The older Ganges aquifer (GI) is thinly bedded and fine grained strata contains most of the contaminated wells. Highly contaminated wells occur beneath the older Ganges floodplain, whereas Alluvium Sand more thickly bedded G2 aquifer that has been deposited within the last 15,000 years are virtually free of arsenic. The sediment deposit since millions of years in Bangladesh is channel deposits (coarse grained), as braided or meandering rivers with gradually fining sequence in levee slope or crevasse splay deposits and finer over-bank deposits and deposits in natural depressions and different depositional units in the lower delta regime which further characterised by seasonal variations and fluctuations of sea level under highly complex processes. Arsenic reacts with soil components, where the predominant reaction is adsorption and reaction reaction with hydrous iron and aluminium oxides which coat soil particles. Heavier soils with higher clay content and hydrous oxide content adsorb more arsenic than lighter sandier soils with low clay content. Author(1999) found along Kumar River, Faridpur that arsenic content along back-swamp (Holocene) river deposit contains a high arsenic content in groundwave, where as sandbar (mid-channel, pointbar ) almost the absence of arsenic content in ground water. Aim is that to identify such sand bar deposits and advise to use water from these units.
Department of Public Health and Engineering and Safiullah (!998), DCH and British Geological Survey (1998) carried out extensive water analysis in Faridpur shows more than 29 percent of wells between 10-100 meter are contaminated (above 0.05mg/l arsenic). A very high percentage of contaminated wells are expected, if WHO standard is considered. The present project aims to produce 1000 water purification units, sand filterer, disposal and education & management for very low income families of different Thanas of Faridpur that are worst affected by arsenic contamination. Besides 50 water purification units for about 800 school children will be constructed. The area is known, where experimental studies for "sunlight , air and clay pot" method of removing arsenic was successfully carried out in January/February 1999.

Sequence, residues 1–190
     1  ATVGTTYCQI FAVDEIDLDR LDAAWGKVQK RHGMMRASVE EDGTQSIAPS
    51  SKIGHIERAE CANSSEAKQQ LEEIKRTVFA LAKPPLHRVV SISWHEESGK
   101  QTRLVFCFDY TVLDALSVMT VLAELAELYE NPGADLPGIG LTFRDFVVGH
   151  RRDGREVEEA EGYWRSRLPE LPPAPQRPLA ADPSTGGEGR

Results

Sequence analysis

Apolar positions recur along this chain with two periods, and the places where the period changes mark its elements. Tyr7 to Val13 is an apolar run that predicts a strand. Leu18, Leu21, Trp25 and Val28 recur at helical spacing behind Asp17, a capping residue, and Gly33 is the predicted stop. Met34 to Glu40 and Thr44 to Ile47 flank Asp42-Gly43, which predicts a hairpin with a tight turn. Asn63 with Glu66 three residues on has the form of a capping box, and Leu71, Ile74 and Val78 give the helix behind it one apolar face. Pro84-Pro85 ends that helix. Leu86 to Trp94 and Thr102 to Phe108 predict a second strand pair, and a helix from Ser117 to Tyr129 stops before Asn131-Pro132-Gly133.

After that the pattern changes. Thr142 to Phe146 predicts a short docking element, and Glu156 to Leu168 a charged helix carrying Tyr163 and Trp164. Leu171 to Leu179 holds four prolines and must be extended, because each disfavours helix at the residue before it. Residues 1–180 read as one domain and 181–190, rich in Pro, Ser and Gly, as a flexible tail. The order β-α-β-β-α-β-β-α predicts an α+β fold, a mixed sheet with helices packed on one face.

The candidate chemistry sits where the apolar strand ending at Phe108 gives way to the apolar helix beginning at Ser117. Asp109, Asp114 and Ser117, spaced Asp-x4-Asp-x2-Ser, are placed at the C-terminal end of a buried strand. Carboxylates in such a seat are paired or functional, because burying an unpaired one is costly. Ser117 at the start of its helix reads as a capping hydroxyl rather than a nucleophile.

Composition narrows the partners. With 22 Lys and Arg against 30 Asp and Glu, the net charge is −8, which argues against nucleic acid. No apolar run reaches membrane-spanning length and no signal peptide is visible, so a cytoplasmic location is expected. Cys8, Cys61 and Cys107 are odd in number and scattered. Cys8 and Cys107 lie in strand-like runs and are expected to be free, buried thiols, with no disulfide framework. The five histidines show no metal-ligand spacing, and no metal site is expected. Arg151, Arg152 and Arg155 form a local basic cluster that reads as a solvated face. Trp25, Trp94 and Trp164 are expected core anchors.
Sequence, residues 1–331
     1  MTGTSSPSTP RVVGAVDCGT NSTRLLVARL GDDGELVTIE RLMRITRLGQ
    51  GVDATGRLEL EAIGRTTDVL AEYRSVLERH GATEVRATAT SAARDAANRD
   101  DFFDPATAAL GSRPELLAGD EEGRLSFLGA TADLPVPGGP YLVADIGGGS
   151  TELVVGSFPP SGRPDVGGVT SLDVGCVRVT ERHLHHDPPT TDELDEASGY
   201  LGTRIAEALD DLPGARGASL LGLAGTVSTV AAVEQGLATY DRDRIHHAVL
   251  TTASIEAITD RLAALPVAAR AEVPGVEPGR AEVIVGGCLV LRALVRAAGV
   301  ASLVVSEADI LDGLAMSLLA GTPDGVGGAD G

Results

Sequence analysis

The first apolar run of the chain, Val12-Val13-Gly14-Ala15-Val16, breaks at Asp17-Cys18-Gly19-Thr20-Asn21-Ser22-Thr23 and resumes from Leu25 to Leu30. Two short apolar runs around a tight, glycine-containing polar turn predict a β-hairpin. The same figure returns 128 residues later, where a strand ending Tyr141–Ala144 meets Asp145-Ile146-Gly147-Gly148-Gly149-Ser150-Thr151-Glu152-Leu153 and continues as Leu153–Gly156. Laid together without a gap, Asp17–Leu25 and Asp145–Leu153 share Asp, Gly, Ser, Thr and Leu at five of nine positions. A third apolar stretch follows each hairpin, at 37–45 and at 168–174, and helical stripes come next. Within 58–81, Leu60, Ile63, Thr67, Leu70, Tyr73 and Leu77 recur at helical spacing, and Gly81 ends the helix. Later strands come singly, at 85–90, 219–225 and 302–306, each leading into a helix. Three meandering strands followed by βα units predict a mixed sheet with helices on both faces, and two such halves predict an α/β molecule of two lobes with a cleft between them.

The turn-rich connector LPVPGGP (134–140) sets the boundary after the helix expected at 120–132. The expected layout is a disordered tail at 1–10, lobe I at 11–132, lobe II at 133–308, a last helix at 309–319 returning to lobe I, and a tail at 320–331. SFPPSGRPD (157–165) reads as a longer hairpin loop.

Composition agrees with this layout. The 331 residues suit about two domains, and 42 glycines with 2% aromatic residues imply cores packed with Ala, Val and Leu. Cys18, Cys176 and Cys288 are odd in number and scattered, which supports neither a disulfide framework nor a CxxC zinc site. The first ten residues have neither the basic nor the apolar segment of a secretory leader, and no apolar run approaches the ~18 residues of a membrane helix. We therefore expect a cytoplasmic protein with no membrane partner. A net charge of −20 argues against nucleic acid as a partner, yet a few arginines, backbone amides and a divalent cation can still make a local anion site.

OPEN DUG HOLES
Immediate emphasise will be given for open dug hole in bangla "Kua" or "Indira" protecting biological contamination. These Kuas are arsenic free, as light, air and filtration within oxidizing condition keep water arsenic free. Water from the open dug hole can be improved through protection (keep it clean) and bacteria can be removed through solar radiation (without cost) or through boiling. A simple filterer produced and maintained by the villagers cannot cost more than 100 Taka (2 US Dollars). Water collection can be further improved through hand pumps and filter Water from the open dug hole can be improved through protection (keep it clean) and bacteria can be removed through solar radiation (without cost) or through boiling. A simple filterer produced and maintained by the villagers cannot cost more than 100 Taka.
"Open dug hole" or bangla Kua or Indira does not contain arsenic. At Alipur, Faridpur I found an open dug hole "Kua" and a tube well where water from the tube well contained 0.50mg/L arsenic (WHO standard 0.01mg/l) and water from "Kua" did not contain any arsenic. But this open dug hole has vanished from Bangladesh through UNICEF and other agencies.
1. Filling checklist
2. 50 litre arsenic contaminated water from tube-well put in a clay pot
3. Sample for laboratory and field analysis for arsenic, iron
4. Water put in the sun and added iron, if water constitute low in iron
5. Water is kept for 6-8 hours, alum added, if necessary
6. Water is poured carefully over sand filterer keeping coagulation sludge at the bottom for disposal.